The only editor to have edited two national newspapers twice – Richard Stott – has died aged 63 from pancreatic cancer.
Stott was twice editor of both the Daily Mirror and The People and once held five editorships in 12 years – believed to be a record.
Up until recent weeks he has been writing a column in the Sunday Mirror.
Born in 1943 in Oxford, Stott was educated at Clifton College, Bristol, before starting his career on the Bucks Herald, Aylesbury, in 1963. Two years later he joined Dartford-based Ferrari press agency.
In 1968 he joined the Daily Mirror as a reporter and stayed in that role until 1979. In 1977 he was named Reporter of the Year at the British Press Awards.
He was features editor off the Mirror from 1979 to 1982, assistant editor 1982 to ’84 and made editor of The People from 1984 to 85.
He was editor of the Daily Mirror from 1985 to 89, following a period as editor and managing director of The People from 1989 to 1991, he returned to the Daily Mirror as editor in 1991.
Stott was later made editor of now defunct national daily Today.
He revealed in his 2002 autobiography that he was was once offered the editorship of The Sun in 1995 by Rupert Murdoch but turned it down for political reasons.
Tony Blair, then leader of the Opposition and hoping for Murdoch’s support at the next election, forcefully urged Stott not to turn the job down, saying: “Bloody hell, Richard, I’ll kill you if you do that.”
Stott said simply that The Sun was “not my paper”.
“It was not where I belonged. I knew The Sun and Murdoch were and still are unreconstructed Thatcherites. That’s why they are now having such difficulty in supporting the New Labour line.”
Newly appointed chairman and chief executive Les Hinton was by Murdoch’s side when he told Stott Today was to close and made the offer for him to edit The Sun.
“I was appalled, but more surprised by his next announcement. As a prelude he laid on the famous Murdoch flattery with a trowel,” Stott wrote.
Murdoch told him: “You are one of the best three editors I have known in my time,” and asked him to edit The Sun, then edited by Stuart Higgins.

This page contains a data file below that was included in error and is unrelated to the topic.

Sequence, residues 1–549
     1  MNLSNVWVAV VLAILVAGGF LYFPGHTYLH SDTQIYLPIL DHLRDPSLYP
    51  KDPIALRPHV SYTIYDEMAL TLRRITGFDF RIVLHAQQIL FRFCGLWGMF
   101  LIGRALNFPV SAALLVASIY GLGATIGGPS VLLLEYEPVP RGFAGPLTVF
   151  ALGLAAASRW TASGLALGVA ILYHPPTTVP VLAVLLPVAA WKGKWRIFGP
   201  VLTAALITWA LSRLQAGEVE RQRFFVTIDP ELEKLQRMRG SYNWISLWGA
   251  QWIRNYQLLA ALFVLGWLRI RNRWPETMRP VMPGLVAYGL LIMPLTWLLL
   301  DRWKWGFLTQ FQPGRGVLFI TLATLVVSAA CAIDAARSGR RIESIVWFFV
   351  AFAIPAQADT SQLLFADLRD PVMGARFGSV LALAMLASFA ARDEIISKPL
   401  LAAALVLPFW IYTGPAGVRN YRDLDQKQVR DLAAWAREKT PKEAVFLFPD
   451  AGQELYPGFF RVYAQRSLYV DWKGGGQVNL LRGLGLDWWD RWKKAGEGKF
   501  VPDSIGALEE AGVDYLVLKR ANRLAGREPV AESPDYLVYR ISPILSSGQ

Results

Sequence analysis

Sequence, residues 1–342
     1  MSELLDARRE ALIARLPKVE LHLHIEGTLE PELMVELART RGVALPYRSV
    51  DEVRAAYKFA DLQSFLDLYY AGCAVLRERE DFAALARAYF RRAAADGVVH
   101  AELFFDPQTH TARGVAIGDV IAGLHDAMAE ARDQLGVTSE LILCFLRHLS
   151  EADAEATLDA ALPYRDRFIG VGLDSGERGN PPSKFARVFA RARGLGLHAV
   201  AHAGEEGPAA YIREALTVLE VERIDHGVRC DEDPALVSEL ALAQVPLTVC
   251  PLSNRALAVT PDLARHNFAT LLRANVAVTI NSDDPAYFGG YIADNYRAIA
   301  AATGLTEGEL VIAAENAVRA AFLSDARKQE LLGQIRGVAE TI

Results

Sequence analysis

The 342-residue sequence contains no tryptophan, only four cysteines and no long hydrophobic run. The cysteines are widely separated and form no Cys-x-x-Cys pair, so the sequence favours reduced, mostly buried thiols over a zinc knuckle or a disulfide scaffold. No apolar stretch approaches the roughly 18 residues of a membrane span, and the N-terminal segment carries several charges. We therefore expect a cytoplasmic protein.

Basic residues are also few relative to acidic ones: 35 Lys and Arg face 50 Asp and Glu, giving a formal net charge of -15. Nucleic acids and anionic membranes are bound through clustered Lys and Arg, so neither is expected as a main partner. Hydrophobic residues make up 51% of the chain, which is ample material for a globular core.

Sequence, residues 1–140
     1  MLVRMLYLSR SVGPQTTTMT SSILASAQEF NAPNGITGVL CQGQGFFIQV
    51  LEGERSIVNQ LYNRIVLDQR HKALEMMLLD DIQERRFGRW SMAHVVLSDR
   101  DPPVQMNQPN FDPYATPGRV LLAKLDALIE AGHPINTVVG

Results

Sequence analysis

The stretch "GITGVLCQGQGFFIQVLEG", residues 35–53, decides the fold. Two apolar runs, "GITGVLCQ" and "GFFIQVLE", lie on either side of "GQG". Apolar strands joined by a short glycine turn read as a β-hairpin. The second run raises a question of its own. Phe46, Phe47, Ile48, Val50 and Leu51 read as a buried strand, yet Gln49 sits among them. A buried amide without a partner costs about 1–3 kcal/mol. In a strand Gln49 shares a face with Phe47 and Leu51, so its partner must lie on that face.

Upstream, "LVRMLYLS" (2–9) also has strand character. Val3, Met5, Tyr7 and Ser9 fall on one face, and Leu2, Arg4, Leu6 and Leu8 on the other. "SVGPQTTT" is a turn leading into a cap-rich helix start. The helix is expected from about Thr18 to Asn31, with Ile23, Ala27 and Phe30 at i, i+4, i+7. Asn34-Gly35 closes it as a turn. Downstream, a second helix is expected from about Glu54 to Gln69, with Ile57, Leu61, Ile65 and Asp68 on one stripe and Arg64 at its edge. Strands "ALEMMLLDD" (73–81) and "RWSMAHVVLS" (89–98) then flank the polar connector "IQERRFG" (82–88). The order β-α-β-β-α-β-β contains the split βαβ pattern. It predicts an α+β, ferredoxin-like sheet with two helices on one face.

“I told him I would not edit a paper that supported the Tories and he gobsmacked me even more by saying, ‘It doesn’t have to be like that, it could support Labour’.”
Daily Mirror editor Richard Wallace said: “Richard Stott was one of Fleet Street’s great editors with a unique record of achievement. But it is as editor of the Daily Mirror – a position he held twice – that he will be remembered for most. His great eye for a story and rumbustious personality came through on every page and he commanded the respect of friends and foes alike. It is a sad day for British journalism.”
David Banks, who replaced Stott as Daily Mirror editor, said: “He was a fantastic journalist and an inspiration to a whole geeneration of Mirror people because he was very much a Mirror man..
He worked with Dan Ferrari on the Jeremy Thorpe investigation in the 1970s and just covered himself in glory. I was a young sub editor at the time and you just admire the stuff he was pulling up.
“I know they were desperate to get him back into print at the Sunday Mirror. He wrote a sensible and thoughtful political column which is very much the sort of journalist he was. My generation of journalists will miss him – but the next generation will also miss him because he was a youthful elder-statesman of the business.”